Ever wonder if the saying "what happens in Vegas, stays in Vegas" is true? Well, Bethesda & Obsidian (publisher and developer, respectively) seemed to think so. I recently visited the post apocalyptical Mojave Desert to see for myself in Fallout: New Vegas. With Fallout 3 being my introduction into the world of RPGs, I was excited to see what wonders would await me in New Vegas. With the original storyline and creativity of Fallout 3, New Vegas had big shoes to fill. 
        New Vegas introduces a new, more western take on the post apocalyptic scene. Seeing that Vegas is in Nevada, this fits well. Everything from the small towns that litter the Mojave Wasteland to the clothes and weapons used by the locals, this was certainly a new twist on the aftermath of the world and I think it played out well. While the western feel worked, the high roller feel of Vegas did not. There was little effort put into this side of the game and that was a let down, since it was in the title and seemed to be the focus of the game.
       Obsidian really built up the idea of Vegas. On your journey there, all you hear about is how untouched and massive it is; essentially, it was getting your hopes up. Personally, I expected a massive strip with tons of casinos and places to trade, all in one big area. Well, I don't want to give away the looks, but let's just say it did not meet my standards.
        But I won't judge a game solely on its surroundings. The gameplay was a slight improvement over the previous entry. The movement was the same and the V.A.T.S. system was retained (thank the Lord!). Though I would have liked to see some smoother gun control and movement, the addition of being able to aim down the sights took them a baby step forward into being a shooter. One great introduction was weapon mods. I loved it! I don't care who you are, adding a scope to a hunting rifle or a maple stock to your cowboy repeater is a fun way to put your signature on a weapon and increase fire power.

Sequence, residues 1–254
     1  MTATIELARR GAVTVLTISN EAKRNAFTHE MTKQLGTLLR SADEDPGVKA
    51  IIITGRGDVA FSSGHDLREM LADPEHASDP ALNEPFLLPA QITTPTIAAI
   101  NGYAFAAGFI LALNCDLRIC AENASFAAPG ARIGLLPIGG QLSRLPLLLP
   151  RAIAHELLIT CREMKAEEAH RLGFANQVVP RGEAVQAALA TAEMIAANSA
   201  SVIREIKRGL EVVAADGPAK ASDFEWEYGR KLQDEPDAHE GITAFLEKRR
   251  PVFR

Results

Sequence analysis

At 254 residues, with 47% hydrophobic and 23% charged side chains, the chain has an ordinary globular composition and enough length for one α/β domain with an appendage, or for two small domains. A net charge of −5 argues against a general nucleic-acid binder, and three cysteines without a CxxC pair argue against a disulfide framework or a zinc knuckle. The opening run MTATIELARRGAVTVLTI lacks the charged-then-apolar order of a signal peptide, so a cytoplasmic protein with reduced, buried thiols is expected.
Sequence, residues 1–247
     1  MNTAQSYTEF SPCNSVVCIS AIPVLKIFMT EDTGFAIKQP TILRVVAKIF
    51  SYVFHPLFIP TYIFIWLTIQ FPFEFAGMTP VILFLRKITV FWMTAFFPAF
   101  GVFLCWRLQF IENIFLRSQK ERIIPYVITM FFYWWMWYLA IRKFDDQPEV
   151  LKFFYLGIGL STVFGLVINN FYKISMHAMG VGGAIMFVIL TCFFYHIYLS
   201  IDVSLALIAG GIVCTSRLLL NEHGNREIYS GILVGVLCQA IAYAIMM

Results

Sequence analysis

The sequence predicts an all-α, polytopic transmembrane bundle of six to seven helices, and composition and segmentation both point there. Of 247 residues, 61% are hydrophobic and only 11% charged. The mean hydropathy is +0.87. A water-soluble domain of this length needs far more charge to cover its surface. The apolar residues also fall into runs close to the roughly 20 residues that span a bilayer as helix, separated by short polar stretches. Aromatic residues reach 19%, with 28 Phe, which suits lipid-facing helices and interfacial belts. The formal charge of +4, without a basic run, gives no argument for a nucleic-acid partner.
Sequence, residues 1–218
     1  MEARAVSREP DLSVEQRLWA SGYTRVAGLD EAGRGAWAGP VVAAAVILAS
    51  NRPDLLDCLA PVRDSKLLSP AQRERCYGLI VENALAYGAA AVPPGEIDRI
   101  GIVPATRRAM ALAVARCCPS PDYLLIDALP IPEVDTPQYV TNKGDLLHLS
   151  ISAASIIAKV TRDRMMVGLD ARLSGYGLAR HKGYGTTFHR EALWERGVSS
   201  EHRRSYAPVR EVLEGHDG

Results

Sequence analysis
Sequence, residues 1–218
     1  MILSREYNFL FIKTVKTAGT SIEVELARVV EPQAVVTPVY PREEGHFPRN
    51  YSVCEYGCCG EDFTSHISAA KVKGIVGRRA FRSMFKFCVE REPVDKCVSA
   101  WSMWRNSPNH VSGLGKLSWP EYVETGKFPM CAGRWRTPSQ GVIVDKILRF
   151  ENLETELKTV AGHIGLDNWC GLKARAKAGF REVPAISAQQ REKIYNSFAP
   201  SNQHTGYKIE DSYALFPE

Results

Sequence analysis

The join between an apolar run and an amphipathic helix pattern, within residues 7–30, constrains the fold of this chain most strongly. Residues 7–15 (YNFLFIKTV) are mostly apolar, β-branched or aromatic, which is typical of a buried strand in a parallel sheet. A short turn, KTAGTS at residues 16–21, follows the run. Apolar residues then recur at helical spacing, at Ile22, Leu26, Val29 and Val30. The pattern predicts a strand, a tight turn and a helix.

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Another thing they added that made it more personal was the ability for the citizens and factions of the Mojave Wasteland to like you. Not only can they like you, but they can hate you as well! I'm not talking about just not talking to you because you pissed them off; I mean sending assassins after you for killing their livestock. This definitely drew you into the game and made you really consider the ramifications of your next move. Even though you'd prefer everyone to like you, Obsidian makes sure you have to choose. Although this was a cool system, it had its flaws. Once you were hated by a faction or town, they shot you on sight. This made it impossible to get back on their good side. The only way to get a quest completed in that particular territory was to wear a disguise (the armor of the faction). This was annoying, due to the fact that I couldn't wear an awesome suit of armor without pissing someone off.
        Now we come to the story. Fallout has always introduced you into its world in a unique way. This time, you get shot in the head, waking up later in a small town doctors office. While this was a creative way to introduce the game, the depth and creativity seemed to fall away after that. Now, the main story line can have many different pathways and many different outcomes. While this is always interesting and engrossing, its disappointing with New Vegas. Mainly, when you choose a different path, it basically involves the same quest over and over, just for a different team. This was lazy work on Obsidian's side. They really seemed to drop the ball with that. In Fallout 3, I saw very creative and original quest lines. New Vegas seemed full of errands for you to run. The rest of the quests in the game were unimpressive, and hard to find! The quests that were the most interesting and deep came as DLC. Not cool to have to pay for the good stuff. 

         All in all, the game wasn't horrible but was a step down from Fallout 3. You will still have countless hours of fun and exploration with it, but I would pay full price for it? No. If you feel like spending $20, by all means, go for it. This is, of course, my opinion and TheGamerDrive is all about everyone having the opportunity to express their own opinions, so don't let me discourage you from giving the game a shot. Just let it be known, I warned you.
        Bethesda, next time, make the game yourself. And as for you, Obsidian, next time you get a slot in the Fallout universe, I want to see some improvement!
 





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